Response to The multi-tasking virus by Nicholas Carr
But it was the audience's reaction [to Columbia professor Dennis Dalton's lecture] that left an even greater impression on Waitzkin:Over the course of a riveting 75-minute discussion of the birth of Gandhian non-violent activism, I found myself becoming increasingly distressed as I watched students cruising Facebook, checking out the NY Times, editing photo collections, texting, reading People Magazine, shopping for jeans, dresses, sweaters, and shoes on Ebay, Urban Outfitters and J. Crew, reorganizing their social calendars, emailing on Gmail and AOL, playing solitaire, doing homework for other classes, chatting on AIM, and buying tickets on Expedia (I made a list because of my disbelief).
There's a very strong possibility that the real takeaway here is not the malaise and malady of multi-tasking and attention direction disorder, but a classroom from 20 years ago be reenacted for the benefit of students today.
I can't defend any of the students' actions, what Waitzkin describes is rudeness and wasted tuition for sure. But, I think there is also fault to be found in the situation itself. The same lecture hall style classrooms have been in use for hundreds of years, but only in the last 10 have computers become ubiquitous. I finished college in 2003 and even then there were maybe 1 in 10 students with laptops and no wireless on campus.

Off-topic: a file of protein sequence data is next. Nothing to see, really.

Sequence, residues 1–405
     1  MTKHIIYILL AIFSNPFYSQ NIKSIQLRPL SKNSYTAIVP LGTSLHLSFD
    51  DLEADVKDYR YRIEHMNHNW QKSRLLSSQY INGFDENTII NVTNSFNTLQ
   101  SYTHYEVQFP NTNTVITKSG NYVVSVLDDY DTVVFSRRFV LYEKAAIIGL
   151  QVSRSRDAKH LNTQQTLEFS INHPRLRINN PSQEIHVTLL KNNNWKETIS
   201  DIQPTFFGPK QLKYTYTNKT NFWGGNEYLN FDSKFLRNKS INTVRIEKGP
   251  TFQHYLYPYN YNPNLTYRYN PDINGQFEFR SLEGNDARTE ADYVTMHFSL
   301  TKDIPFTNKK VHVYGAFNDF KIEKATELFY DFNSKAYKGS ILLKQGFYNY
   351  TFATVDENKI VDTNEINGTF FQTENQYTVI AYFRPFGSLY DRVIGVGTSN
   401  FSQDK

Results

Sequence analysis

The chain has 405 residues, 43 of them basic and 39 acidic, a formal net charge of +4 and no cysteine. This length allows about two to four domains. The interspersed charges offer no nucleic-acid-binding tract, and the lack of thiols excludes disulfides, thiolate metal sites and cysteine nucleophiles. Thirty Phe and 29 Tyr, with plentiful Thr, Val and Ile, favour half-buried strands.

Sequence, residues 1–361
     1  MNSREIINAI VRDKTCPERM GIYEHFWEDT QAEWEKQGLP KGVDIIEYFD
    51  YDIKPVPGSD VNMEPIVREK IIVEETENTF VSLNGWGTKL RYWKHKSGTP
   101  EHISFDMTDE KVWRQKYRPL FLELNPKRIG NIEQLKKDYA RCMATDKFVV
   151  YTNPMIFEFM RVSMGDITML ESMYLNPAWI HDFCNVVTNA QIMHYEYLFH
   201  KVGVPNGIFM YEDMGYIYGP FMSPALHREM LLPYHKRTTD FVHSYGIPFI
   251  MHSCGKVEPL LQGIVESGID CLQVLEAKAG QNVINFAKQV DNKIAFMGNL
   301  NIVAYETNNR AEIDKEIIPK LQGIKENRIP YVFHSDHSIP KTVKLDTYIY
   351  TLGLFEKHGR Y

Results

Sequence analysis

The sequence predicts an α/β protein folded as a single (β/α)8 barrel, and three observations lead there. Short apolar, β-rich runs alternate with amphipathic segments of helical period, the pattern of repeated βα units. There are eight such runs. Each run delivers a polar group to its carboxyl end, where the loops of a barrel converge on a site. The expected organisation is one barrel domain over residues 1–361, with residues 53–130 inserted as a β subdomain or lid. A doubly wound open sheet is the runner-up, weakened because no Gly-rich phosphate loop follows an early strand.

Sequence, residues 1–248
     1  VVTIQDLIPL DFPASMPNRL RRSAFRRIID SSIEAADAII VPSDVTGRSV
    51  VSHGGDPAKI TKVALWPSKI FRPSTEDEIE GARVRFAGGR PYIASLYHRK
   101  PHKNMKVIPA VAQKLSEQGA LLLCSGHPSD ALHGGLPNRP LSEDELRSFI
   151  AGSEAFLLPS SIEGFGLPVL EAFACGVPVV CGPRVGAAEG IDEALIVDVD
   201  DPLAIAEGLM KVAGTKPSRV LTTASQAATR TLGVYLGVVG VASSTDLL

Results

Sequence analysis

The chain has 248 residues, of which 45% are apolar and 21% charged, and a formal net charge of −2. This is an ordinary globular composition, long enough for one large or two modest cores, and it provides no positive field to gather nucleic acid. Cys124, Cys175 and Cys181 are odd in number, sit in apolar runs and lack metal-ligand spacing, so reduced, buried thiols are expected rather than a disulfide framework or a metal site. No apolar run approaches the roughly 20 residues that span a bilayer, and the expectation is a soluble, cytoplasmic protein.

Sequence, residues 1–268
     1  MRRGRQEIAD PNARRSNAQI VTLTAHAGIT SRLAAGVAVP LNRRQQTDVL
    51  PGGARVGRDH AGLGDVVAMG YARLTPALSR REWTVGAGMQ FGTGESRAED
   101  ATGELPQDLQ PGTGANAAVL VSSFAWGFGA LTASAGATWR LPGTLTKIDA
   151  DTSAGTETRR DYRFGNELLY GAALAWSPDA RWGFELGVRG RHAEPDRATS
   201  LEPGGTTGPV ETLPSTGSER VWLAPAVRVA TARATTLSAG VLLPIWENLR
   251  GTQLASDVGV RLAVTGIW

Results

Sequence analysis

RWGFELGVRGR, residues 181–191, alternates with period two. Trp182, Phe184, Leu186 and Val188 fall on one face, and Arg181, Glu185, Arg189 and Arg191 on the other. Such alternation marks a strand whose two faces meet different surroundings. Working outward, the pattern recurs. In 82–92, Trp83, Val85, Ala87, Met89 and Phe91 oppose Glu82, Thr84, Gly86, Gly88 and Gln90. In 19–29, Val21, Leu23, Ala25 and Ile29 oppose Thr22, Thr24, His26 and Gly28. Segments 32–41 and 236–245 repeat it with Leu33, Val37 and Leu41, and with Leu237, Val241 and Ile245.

There's an opportunity here. I've heard--and it sounds reasonable--that new business thrives at the boundaries. Where there's turbulence and change, there is also opportunity. The image from this story that sticks in my head is a forlorn professor at the edge of retirement looking out at a sea of rectangles where 10 years ago he saw a sea of faces, or at least a sea of tops of heads. The more appropriate maxim (rather than "kids these days") may be "things are changing, and they're changing faster."
Maybe the problem is just with students getting dumber. But maybe the problem is that the screens only have one side. Maybe the problem is that everyone is looking at something different on their personal screens. Maybe the problem is that instead of experiencing the history the teacher is describing in any of the dozens of interactive ways the technology each student obviously had access to allows, they are expected to listen to a single person somewhere down in front talk about it.
There is no silver bullet, the answer is not simply, "make it a video and put it on YouTube." There is however an opportunity here to try out a lot of different answers. My personal vote, is get the heck out of the classroom. However it goes down, I'm excited to see how the world will be different for my children.
 quote from the comments: "That's not mind-wandering, it's attention -- just aimed in another direction."